One Devastating Super Bowl Moment Should Resonate With All Vikings Fans

Photo Credit: Kirby Lee-USA TODAY Sports

As a Minnesota Vikings fan, one moment in Super Bowl LVIII really resonated.

No, not Jake Moody’s blocked PAT (don’t be unkind).

It was actually far more dire than a missed extra point. I’m talking about the tragic twist of fate and tendon that occurred when San Francisco 49ers linebacker Dre Greenlaw suffered a non-contact injury to his Achilles on the sideline, smited by the cruelest of the football gods for the sin of being too excited to run out onto the field.

Think too deeply about it, and you’ll spiral. Injuries are always brutal, but an athlete, having worked his entire life toward this one day, being robbed of his moment of glory because of his own over-enthusiasm is prescription-strength awful. It’s Bill Gramatica, but without the reason for celebrating. It lacks the macabre hilarity of Jacksonville Jaguars punter Chris Hanson accidentally chopping into his own kicking leg with a ceremonial axe his coach left in the locker room. (If you don’t know, you gotta read about it.) Nope, this was just an epic bummer.

And when I think about the Vikings and the Super Bowl, I’m bummed.

This Super Bowl felt especially alienating for certain segments of the NFL faithful this year. The Kansas City Chiefs vs. the San Francisco 49ers, the Haves vs. the Have Mores. A pair of modern NFL powerhouses competing to see who can climb the rankings of the winningest franchises in Super Bowl history. Familiar faces on a stage only familiar to Minnesotans under the age of 50 from that one time we hosted a party that we weren’t invited to.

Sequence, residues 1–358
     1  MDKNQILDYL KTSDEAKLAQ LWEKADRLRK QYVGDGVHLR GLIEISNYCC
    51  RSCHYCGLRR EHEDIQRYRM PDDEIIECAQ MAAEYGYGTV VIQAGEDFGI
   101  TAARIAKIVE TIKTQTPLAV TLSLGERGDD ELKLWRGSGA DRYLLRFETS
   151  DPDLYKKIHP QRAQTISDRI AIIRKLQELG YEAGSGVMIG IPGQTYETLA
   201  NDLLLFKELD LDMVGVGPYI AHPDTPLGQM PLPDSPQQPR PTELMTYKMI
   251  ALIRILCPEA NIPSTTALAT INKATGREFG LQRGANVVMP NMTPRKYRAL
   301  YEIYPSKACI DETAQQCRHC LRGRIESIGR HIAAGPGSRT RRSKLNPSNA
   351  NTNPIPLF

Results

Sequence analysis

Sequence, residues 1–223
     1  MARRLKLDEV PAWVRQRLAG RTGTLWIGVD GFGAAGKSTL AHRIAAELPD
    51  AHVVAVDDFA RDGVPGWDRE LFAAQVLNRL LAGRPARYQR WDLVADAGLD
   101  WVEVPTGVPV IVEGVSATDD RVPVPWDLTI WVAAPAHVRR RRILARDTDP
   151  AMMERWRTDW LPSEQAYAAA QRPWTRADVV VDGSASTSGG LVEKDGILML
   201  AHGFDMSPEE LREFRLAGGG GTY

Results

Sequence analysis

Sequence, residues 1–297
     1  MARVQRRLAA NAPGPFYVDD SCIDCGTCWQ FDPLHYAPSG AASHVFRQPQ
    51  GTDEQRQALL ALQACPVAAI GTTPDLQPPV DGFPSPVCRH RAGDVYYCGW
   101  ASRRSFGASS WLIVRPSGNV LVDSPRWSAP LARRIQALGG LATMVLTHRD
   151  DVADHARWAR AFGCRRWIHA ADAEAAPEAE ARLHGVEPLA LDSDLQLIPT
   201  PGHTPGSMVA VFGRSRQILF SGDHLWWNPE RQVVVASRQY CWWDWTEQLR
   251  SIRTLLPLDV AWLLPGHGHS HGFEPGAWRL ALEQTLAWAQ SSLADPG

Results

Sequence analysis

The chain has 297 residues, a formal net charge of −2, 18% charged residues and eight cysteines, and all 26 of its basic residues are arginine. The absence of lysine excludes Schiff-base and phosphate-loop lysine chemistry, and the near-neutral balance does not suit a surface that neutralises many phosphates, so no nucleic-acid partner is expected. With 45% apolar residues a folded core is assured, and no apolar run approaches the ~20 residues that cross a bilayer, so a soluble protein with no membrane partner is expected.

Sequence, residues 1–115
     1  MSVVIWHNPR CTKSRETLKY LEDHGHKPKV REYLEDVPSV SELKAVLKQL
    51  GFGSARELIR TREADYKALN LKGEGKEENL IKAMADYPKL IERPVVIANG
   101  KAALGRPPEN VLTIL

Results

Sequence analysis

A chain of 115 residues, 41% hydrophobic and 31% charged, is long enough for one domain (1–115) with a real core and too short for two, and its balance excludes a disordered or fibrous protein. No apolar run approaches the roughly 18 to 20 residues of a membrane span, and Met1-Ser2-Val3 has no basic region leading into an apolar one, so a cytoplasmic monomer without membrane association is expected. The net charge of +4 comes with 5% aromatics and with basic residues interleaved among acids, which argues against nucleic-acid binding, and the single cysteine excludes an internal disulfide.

It was appropriate this particular game was being played in Las Vegas, a town as divided as any between high rollers and sweaty lottery-ticket scratchers praying for a lucky break. It’s the city of the $500 wagyu steak and the $20 lap dance next door, where what keeps the riffraff going is the mathematically improbable chance that a turn of fate will land you on the sweet side of the equation.

Sound familiar?

For more than a couple hours there — Usher notwithstanding — it was a pretty terrible Super Bowl, mostly decided by blunders and fumbles and endless flocks of flying yellow flags. When the broadcasters spend that much time extolling the virtues of punters and their special teams cohorts, you know you’re probably not watching a future installment of ESPN Classic. It was almost possible to convince yourself that this party wasn’t very good in the first place, that it wasn’t a big deal you weren’t invited. Again.

Then both teams finally managed to gain more total yardage than Usher, and a fiery fourth quarter gave way to a nail-biter of an overtime that nearly went into its second period. Cue the confetti. Bring out the trophy.

For Vikings fans, the Super Bowl feels farther away than it has in years. It still remains to be seen whether “competitive rebuild” is just a synonym for “perpetual mediocrity.” You’re either hoping to retain Kirk Cousins for another year or two for a likely long shot at a Lombardi, or you’re crossing your fingers that some new rookie signal-caller won’t take more than a couple of years to make the team playoff-worthy again. Either way, even the most optimistic predictions suggest rougher waters ahead before the Viking ship sails into smoother waters.

But the luster of the Super Bowl remains, and the thrill of those final 30 minutes of playing time are enough to keep a fan hopeful, even when the odds are as programmed against you as a slot machine at the Belaggio.

Cynical as I want to be, I was on my feet for the final drive of regulation and the entirety of overtime. It was hard not to think about what a thrill it would be if this was the Vikings, with Justin Jefferson making circus catches in front of a zillion people watching around the world. It’s a potential so beguiling you keep buying into it even when the odds prove contrary, time and again, when you’re all too familiar with the agony of busted Achilles tendons and too much enthusiasm. You try to be a realist, but you can’t help but speculate about that day, which must surely come sometime, when what happens in Minnesota doesn’t stay in Minnesota.

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